So you think you like those little purse poppers or AirTags to keep track of all your stuff? Think again. These devices have been billed as a cheap and easy way to track everything. But what you can keep track of, so can anyone else– not just ordinary stalkers or thieves either. Your ex or soon to be ex may use these as well to keep track of your every movement. Plus they are so small, they can be planted almost anywhere. Of course, this is just an old problem dressed up in fancy tech.
Apple issued a statement last week saying they were working with law enforcement on all requests and is planning to roll out additional software updates to help iPhone users become more aware of and locate unknown AirTags that were following them.
The stalker first has to plant these somewhere, e.g. in your purse, your car, or where you live. AirTags do not have a built-in GPS system and instead piggyback off the location data of nearby Apple devices by emitting a continuous Bluetooth signal, which is then viewable by the tag’s owner.
I have an iPhone. How do I know if an AirTag is following me?
For Apple iPhone users, there are some safeguards in place, but for others, the options are more limited. iPhone users will receive a notification if an AirTag is separated from its owner and is moving with them over time — if you have an iPhone 6 or later which is running on iOS 14.5 or later, and you have the correct settings on.
Android users cannot receive these notifications automatically, but you can get an application from Apple called Tracker Detect. This will allow you to scan for an unknown AirTag nearby. However, Tracker Detect currently only operates when the app is open.
Anyone who is alerted to the presence of an unknown AirTag, either through Apple’s notification system or by using Tracker Detect, can trigger an audible chime to help them locate the device. AirTags will also randomly play this chime automatically when separated from the original owner. A notification does not necessarily mean that you are being followed. The device and the item it is attached to may genuinely be lost
An AirTag can be deactivated by removing the battery. Doing so not only stops it from updating its current location but also will alert you. However, some law enforcement agencies have pointed out that removing the AirTag’s battery could potentially contaminate it as evidence.
There are no hard-and-fast rules on what you should do if you suspect you are being tracked according to Jennifer Landhuis, the Director of the Stalking Prevention Awareness and Resource Center. But here are some suggestions:
- Call Law Enforcement, but be careful as to how you do this. Apple recommends people contact local law enforcement, but Landhuis advises victims to be thoughtful about how to do so in the safest way possible. According to Landhuis: “If the offender is monitoring the victim’s actions and sees that the AirTag has now gone to the police station, that can escalate the situation and put a victim more in danger.” She suggests that finding a public place where you can safely contact police by phone and have an officer meet you might be a safer alternative.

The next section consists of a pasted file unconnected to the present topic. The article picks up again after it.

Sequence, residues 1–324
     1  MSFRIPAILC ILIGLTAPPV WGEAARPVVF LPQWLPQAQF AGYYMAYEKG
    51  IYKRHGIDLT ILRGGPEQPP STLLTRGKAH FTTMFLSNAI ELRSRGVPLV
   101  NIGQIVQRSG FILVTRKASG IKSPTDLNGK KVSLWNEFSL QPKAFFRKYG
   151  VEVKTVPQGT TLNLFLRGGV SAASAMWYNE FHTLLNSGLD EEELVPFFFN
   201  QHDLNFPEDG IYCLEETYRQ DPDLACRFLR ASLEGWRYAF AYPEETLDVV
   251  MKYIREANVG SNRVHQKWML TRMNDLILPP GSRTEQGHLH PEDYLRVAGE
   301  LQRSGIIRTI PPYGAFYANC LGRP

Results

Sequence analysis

- Take Screenshots. Landhuis also suggests that people document the incident by taking screenshots and photos and keeping a log of notes in order to keep track of the details.
- Report this to your lawyer.
- Follow your instincts! According to Landhuis, this is the most important thing for someone to do- trust your gut.
We are glad you asked. Please see our blog “Online Security During Divorce Proceedings” which outlines some prevention measures in greater detail. For example, in your iPhone, there is a thing called iPhone Photo “Locations” in your photos. This shows where you took pictures, where you were, etc. You can disable this. Check your settings. There is also something on Apple products called Significant Location Data: it is generally set to let it collect information from your device automatically. You are able to turn that off within your settings, but they do not make it easy to find how to do it. Also, get your own Apple ID for you and your children. If a parent or a spouse has the Apple ID or password of their spouse or child, they have access to almost everything. A parent could actually log in as a child and obtain information that way.
Attribution to Tim Eigo for picking up on this article from NPR. (“AirTags are being used to track people and cars. Here’s what is being done about it”) NPR, February 18, 2022 5:37 PM ET, All Things Considered.
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